On Thursday, Ohio House leaders announced a plan for a bipartisan task force to study medicinal marijuana.
But when it comes to support for medical marijuana, opinion polls gauged Ohioans’ support anywhere from 70 to nearly 90 percent of respondents.
In an effort to better gauge constituent feelings on the subject, Speaker of the Ohio House Clifford A. Rosenberger (R-Clarksville) and State Representative Kirk Schuring (R-Canton) announced the formation of a task force Thursday.
The process will likely include the input of doctors and experts from other states that have already legalized marijuana.
Political analyst Tom Sutton, an economics professor at Baldwin Wallace University, said the task force could open itself up to a mountain of potential issues.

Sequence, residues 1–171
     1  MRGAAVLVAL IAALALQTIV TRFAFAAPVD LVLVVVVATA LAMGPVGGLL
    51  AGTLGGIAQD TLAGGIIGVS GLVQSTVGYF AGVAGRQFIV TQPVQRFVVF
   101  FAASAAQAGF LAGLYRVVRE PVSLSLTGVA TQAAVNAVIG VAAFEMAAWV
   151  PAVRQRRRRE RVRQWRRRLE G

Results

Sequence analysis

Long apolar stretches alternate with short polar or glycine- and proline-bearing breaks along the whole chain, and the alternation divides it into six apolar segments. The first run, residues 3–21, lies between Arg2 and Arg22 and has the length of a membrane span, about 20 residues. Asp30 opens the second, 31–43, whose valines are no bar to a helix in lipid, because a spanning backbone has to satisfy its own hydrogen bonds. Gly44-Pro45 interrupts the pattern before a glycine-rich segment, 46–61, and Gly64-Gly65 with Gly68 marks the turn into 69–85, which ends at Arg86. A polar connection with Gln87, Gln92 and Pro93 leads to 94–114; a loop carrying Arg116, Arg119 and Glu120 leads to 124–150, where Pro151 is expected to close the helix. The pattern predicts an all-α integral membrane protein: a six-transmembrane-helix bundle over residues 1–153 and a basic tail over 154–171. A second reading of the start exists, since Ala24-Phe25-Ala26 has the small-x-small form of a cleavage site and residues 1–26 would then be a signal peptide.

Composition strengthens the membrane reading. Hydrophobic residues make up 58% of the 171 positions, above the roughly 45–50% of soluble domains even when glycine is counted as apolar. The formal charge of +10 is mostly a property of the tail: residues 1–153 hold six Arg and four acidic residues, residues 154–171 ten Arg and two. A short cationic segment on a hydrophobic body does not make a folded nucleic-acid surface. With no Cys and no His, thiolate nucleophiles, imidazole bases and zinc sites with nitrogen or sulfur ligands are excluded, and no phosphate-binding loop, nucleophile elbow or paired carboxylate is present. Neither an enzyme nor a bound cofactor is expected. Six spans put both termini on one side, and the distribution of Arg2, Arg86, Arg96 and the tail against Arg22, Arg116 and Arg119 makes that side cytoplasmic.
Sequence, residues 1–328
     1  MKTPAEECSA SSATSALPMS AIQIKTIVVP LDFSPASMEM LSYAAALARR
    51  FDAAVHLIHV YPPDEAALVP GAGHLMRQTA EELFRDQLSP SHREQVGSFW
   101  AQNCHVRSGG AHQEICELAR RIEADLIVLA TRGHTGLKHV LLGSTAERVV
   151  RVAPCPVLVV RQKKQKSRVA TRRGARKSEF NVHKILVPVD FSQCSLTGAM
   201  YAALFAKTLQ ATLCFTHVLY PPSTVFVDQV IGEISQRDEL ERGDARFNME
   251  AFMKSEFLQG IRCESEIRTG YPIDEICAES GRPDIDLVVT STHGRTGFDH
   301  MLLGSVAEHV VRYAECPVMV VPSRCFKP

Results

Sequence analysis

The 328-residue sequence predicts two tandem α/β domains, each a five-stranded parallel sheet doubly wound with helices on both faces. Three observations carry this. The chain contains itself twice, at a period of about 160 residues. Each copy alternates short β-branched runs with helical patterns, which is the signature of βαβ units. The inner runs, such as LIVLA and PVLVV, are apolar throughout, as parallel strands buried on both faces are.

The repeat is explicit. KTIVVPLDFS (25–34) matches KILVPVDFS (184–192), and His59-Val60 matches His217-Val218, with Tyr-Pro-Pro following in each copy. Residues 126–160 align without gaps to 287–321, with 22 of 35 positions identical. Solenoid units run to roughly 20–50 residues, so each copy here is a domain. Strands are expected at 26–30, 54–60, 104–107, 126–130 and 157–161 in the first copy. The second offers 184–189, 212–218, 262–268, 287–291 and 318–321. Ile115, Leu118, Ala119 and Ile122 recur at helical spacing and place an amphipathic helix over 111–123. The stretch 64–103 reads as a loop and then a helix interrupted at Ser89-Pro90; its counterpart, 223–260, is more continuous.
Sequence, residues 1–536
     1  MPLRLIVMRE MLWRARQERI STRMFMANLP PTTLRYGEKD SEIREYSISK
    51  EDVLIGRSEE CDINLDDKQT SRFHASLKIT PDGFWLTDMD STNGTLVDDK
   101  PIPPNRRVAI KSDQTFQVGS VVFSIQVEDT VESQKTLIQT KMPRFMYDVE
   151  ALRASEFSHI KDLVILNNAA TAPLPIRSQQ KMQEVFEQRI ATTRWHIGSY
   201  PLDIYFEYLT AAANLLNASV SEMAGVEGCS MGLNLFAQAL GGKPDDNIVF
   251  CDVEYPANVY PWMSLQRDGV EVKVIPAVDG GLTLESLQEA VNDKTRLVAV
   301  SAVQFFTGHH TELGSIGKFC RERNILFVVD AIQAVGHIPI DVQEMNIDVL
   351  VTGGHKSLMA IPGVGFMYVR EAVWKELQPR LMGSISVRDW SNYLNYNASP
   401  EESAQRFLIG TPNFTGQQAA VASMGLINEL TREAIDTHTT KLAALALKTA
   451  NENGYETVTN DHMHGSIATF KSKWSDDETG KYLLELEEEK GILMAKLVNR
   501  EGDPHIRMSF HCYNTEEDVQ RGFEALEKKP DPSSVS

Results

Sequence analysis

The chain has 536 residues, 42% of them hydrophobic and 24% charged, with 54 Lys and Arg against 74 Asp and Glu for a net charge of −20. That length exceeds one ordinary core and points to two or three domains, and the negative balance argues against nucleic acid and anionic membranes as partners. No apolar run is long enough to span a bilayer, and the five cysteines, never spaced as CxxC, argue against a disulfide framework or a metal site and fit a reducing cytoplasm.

Sutton said that if lawmakers decide to pursue medical cannabis legislation, drafting that bill would raise many questions about how patients obtain prescriptions and where the marijuana is grown.
“Can it be produced in Ohio or does it get imported from another state that already has a production facility? I think those are the things the task force will be looking at,” Sutton told newsnet5.com.
Sutton said it’s possible that prescriptions could be mail-order.
As a result of the passage of anti-monopoly Issue 2, the growing will not be limited to a certain group of growers, he explained.
Regulation will also be a big question for lawmakers.
"They'll likely look into a commission that might oversee who’s eligible to grow ,what kinds of regulations, what kinds of oversight are necessary for allowing that to happen," Sutton said.
Twenty-three states and the District of Columbia currently have legal medicinal marijuana options for patients.